Research in the Thornburg Laboratory is focused on a unique floral organ, the Nectary.

The nectary is responsible for secretion of floral nectar, the sweet fluid that is the primary attraction for insect pollinators. The long term goals of the Thornburg laboratory are to understand nectary development and function and to be able to manipulate these functions to achieve improved crop pollination which would result in higher rates of seed set and thereby, greater yields.

  • Understanding nectar composition
    The composition of nectar has been widely studied. Nectar is an aqueous combination of a variety of substances. Chief among these are sucrose, glucose, and fructose. At least 11 other carbohydrates have also been identified in nectars of some flowers. All twenty of the normal amino acids found in protein have also been identified in various nectars. Other substances reported in nectar include organic acids, terpenes, alkaloids, flavonoids, glycosides, vitamins, phenolics, oils, and five proteins. Our work has focused on the nectar proteins. This work has defined the Nectar Redox Cycle that functions in protecting the gynoecium from attack by microorganisms (see publications)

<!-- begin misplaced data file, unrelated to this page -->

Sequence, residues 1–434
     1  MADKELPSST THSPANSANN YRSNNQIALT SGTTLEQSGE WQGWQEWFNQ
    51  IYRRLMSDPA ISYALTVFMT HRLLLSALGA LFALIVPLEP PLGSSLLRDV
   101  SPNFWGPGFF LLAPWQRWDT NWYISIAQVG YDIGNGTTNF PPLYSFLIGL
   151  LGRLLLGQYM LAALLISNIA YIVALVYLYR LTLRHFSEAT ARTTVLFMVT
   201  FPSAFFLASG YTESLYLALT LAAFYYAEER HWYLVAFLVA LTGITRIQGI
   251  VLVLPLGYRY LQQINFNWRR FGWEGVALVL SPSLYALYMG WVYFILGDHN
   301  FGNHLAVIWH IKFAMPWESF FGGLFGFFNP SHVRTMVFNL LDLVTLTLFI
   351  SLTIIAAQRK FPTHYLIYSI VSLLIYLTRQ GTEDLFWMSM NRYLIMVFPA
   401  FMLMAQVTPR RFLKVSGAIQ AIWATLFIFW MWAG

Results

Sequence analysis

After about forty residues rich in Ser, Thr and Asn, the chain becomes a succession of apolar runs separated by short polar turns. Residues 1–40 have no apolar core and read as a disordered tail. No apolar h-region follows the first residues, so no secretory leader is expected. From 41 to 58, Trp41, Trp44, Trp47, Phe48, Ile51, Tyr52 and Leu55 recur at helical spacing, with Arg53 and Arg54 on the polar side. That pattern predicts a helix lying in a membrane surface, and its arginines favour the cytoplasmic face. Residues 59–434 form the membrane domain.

(click to enlarge)

  • Understanding nectary development
    Many flowering plants produce a rich floral nectar to attract insect and avian pollinators and thereby increase their fecundity. Nectar is produced by the nectary, a terminally differentiated organ often located at the base of the flower. The mechanisms of floral development that give rise to the nectary and thence to the floral nectar are completely unknown.

  • Starch metabolism in the nectary gland
     The nectar of ornamental tobacco is 35% (by weight) carbohydrate, although the source of carbohydrate in nectar is unknown. We are investigating the posibility that nectar sugars derive from starch synthesized in the nectary gland prior during floral development. Because carbohydrate may be the most important component of nectar for attracting pollinators, a clear understanding of the mechanisms required for nectar production will enable the eventual manipulation of nectar components to achieve increased yields for insect pollinated crop plants.
    (click to enlarge)

  • Carotenoid metabolism in the nectary gland
     In flower buds, the tissue that will eventually develop into the nectary gland is photosynthetic (green and contains chloroplasts). However, during the development of the nectary, the nectary tissue becomes non-photosynthetic and is filled with chromoplasts (orange). These studies are designed to understand the biosynthesis of carotenoids in the nectary gland and simultaneously to understand the conversion of chloroplasts into chromoplasts.
    (click to enlarge)

Research Publications People Facilities Opportunities Teaching Links